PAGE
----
Billy Sandow

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Billy Sandow
Billy Sandow.jpg
Sandow as a professional wrestler, "Young Muldoon", at the start of the 20th century
Birth nameWilhelm Baumann
Born(1884-09-04)September 4, 1884
Rochester, New York, United States
DiedSeptember 15, 1972(1972-09-15) (aged 88)
Portland, Oregon
Professional wrestling career
Ring name(s)Billy Sandow
Young Muldoon

Wilhelm Baumann[1] (September 4, 1884 – September 15, 1972), better known as Billy Sandow, was an American professional wrestler and promoter. He is best remembered as the manager of professional wrestler Ed "Strangler" Lewis and a subsequent member of the famed Gold Dust Trio promotion that changed the face of the industry during the 1920s (along with Lewis and Joseph "Toots" Mondt). He may have taken his ring name from Eugen Sandow, a professional wrestler and strongman in the late 19th century; in turn, former WWE wrestler Damien Sandow would adopt his own ring name in honor of Sandow almost a century later.[2] Sandow also served as manager for such wrestling champions as Billy Jenkins, Marin Plestina, Jumping Joe Savoldi and Everett Marshall, and also used the ring name The Zebra Kid in 1951. He was a charter inductee of the Wrestling Observer Newsletter Hall of Fame in 1996.[3]

Sandow and his brother, Max Baumann, traveled together to promote wrestling events.[4] They also promoted events in Georgia.[5] Sandow met his star attraction Lewis during World War I, when Sandow was teaching recruits hand-to-hand fighting techniques. Sandow was credited with helping to develop Lewis' famed headlock. The two men were linked in the public eye, and in 1926, Sandow and Lewis published an eight-volume collection of preferred training and fighting techniques, which they dubbed "kinetic stress."[6]

As the 1920s dawned, the popularity of professional wrestling was dimming, mostly due to the slow-paced "mat wrestling" style which had become dominant. Promoters like Sandow and Toots Mondt were eager to liven up their exhibitions with a more crowd-pleasing style. Time limits were instituted, and events were held in more major arenas. They took control of all aspects of the pseudo-sport, by booking, training, managing and promoting. Along with Lewis, the threesome swiftly took the lead in promoting wrestling around the country, signing some of the top wrestlers to exclusive contracts. The partnership dissolved in the mid-1930s.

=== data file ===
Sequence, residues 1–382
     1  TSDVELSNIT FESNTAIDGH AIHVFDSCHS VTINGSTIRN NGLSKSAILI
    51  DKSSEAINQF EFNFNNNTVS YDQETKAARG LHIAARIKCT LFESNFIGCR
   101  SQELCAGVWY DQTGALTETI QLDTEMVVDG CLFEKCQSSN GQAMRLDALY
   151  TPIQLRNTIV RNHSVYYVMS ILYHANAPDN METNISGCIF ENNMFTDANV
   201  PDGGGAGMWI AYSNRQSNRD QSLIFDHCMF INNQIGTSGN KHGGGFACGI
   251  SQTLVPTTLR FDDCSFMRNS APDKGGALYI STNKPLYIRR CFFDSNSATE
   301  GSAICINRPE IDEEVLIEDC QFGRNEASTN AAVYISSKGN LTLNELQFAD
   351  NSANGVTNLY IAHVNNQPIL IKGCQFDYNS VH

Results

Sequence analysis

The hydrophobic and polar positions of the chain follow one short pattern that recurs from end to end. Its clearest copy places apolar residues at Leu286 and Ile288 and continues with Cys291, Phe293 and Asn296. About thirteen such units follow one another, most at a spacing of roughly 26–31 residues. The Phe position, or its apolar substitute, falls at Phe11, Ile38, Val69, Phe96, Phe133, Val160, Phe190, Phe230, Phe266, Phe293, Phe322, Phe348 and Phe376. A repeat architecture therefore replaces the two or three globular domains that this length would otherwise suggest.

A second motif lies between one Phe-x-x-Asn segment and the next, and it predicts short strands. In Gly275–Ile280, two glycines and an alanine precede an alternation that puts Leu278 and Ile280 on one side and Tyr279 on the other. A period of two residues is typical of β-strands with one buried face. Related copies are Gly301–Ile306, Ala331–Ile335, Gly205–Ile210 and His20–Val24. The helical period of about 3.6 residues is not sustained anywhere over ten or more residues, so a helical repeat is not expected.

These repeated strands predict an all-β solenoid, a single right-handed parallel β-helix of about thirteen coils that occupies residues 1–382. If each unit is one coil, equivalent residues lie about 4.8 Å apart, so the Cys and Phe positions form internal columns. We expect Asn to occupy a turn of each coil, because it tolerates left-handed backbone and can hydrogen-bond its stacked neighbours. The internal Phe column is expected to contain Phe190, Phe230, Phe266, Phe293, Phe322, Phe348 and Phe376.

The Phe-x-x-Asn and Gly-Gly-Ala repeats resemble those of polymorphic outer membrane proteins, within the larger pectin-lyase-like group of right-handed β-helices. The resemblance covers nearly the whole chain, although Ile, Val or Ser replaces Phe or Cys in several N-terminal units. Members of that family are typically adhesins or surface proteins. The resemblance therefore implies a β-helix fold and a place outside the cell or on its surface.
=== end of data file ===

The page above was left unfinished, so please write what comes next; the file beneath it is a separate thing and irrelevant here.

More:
Sandow died on September 15, 1972, at age 88.[1]

Dempsey challenge[edit]

In 1922, Sandow issued a public $10,000 challenge to the heavyweight champion boxer of the world, Jack Dempsey, further declaring, "My personal wager of $5,000 still stands that Lewis can beat Dempsey inside of 20 minutes in any ring in the world." Dempsey's manager Jack Kearns issued a response, and the matter cooled. But by the end of the year, Sandow's offer was receiving renewed coverage by the press, including the Chicago Tribune, which published the speculative results of a Lewis-Dempsey match. Lewis won in 38 minutes.[7]

In December, Dempsey told a reporter, "I think I'd be mighty tempted to try to beat that wrestler at his own game. I've done a lot of wrestling as part of my preliminary training and I think I've got the old toehold and headlock down close to perfection. If I can win the first fall from him, I'll begin to use my fists. But I've got a funny little hunch that maybe I can dump him without rapping him on the chin." Lewis thought that he would have the advantage: "You must understand that in such a contest I would be allowed to use my feet and legs... In doing so, I believe I could break the leg of a man like Dempsey, who is not used to wrestling... Of course there is one chance in a thousand that he might hit me with a punch hard enough to knock me out before I could get hold of him, but that is only one chance. I am sincere about the match, and will put up $25,000 in real money to bet that I can beat him."[7] At one point, negotiations for the match appeared sincere. Sandow met with Dempsey's manager in Los Angeles, and reports of a contract emerged. But the match was never officially scheduled. Decades later, Sports Illustrated postulated that Kearns was happy to keep the talk alive for publicity purposes, but never had any intention of putting Dempsey into an uncontrolled environment with a "shooting" wrestler.[8]


  1. ^ a b "Deceased Wrestlers". Gary Will's Wrestling History. Archived from the original on May 23, 2015. Retrieved 2009-12-28.
  2. ^ "1865 though 1902 Northeast results". Wrestling Observer Newsletter. Retrieved 2009-12-28.
  3. ^ "Wrestling Observer Hall of Fame". Pro Wrestling Illustrated. Retrieved 2009-12-29.
  4. ^ Martin, Adam (2008-09-28). "Southeastern Wrestling News, Notes, and Nostalgia: 28 September 2008". WrestleView. Retrieved 2009-12-28.
  5. ^ "Georgia". Wrestling Titles. Retrieved 2009-12-28.
  6. ^ Sandow, Billy; Lewis, Ed (2003). Wrestling Part 2. Kessinger Publishing. p. 2. ISBN 0-7661-5569-2.
  7. ^ a b Mucken, Lynn R. (1970-08-03). "The Strangler Vs. The Mauler, Page 1". Sports Illustrated. Retrieved 2009-12-28.
  8. ^ Mucken, Lynn R. (1970-08-03). "The Strangler Vs. The Mauler, Page 2". Sports Illustrated. Retrieved 2009-12-28.